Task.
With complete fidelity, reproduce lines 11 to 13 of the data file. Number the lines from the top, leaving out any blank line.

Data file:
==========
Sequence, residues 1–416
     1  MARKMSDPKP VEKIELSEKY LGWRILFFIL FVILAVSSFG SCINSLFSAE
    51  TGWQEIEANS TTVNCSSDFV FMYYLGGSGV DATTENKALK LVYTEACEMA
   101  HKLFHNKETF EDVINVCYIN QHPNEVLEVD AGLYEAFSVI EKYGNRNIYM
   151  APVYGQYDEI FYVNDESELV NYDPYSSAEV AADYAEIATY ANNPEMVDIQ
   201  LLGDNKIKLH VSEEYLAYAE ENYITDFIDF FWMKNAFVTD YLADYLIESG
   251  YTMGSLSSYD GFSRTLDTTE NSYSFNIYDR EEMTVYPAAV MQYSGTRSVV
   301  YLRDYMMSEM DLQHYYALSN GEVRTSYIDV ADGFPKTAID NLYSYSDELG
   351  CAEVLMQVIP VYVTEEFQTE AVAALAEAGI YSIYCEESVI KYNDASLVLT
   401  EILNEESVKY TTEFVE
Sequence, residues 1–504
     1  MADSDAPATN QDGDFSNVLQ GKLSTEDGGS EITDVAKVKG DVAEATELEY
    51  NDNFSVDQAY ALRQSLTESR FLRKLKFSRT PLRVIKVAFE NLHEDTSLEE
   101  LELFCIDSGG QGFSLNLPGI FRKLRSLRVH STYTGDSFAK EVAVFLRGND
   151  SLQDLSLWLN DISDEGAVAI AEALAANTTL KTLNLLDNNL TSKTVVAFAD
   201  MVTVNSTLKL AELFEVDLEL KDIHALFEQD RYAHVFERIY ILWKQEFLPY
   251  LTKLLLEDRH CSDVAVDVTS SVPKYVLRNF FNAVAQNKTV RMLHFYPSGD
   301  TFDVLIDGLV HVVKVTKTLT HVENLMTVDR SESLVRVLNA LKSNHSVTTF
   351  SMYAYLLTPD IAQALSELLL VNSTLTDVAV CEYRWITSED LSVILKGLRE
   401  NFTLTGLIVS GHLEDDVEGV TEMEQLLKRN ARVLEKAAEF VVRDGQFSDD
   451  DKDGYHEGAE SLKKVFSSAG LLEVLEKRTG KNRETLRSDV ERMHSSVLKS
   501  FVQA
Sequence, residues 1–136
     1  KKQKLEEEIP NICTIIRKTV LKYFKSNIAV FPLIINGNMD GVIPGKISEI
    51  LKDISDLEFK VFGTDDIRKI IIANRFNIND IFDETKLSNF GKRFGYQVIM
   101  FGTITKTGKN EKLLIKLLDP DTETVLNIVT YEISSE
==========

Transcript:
Sequence, residues 1–504
     1  MADSDAPATN QDGDFSNVLQ GKLSTEDGGS EITDVAKVKG DVAEATELEY
    51  NDNFSVDQAY ALRQSLTESR FLRKLKFSRT PLRVIKVAFE NLHEDTSLEE